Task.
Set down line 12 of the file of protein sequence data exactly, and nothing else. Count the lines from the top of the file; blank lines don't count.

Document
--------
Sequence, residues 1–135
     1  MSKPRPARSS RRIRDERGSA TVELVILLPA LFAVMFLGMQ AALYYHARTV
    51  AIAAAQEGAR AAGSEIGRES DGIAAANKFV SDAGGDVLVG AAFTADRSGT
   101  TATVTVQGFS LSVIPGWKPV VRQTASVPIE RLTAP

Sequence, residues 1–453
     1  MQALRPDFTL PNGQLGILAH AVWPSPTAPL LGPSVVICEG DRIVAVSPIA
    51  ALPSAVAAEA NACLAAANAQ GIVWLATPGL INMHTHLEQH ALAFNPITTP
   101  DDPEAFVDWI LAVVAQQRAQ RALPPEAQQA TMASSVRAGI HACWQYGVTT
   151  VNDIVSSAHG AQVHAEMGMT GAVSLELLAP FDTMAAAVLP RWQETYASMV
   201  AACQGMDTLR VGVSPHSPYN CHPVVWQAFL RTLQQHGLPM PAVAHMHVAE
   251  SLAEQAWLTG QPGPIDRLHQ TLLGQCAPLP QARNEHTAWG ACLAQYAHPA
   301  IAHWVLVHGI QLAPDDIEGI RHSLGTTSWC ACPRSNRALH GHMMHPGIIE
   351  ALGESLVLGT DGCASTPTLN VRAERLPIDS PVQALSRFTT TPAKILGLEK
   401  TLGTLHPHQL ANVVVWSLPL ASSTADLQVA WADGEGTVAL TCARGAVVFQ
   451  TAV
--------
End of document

   301  IAHWVLVHGI QLAPDDIEGI RHSLGTTSWC ACPRSNRALH GHMMHPGIIE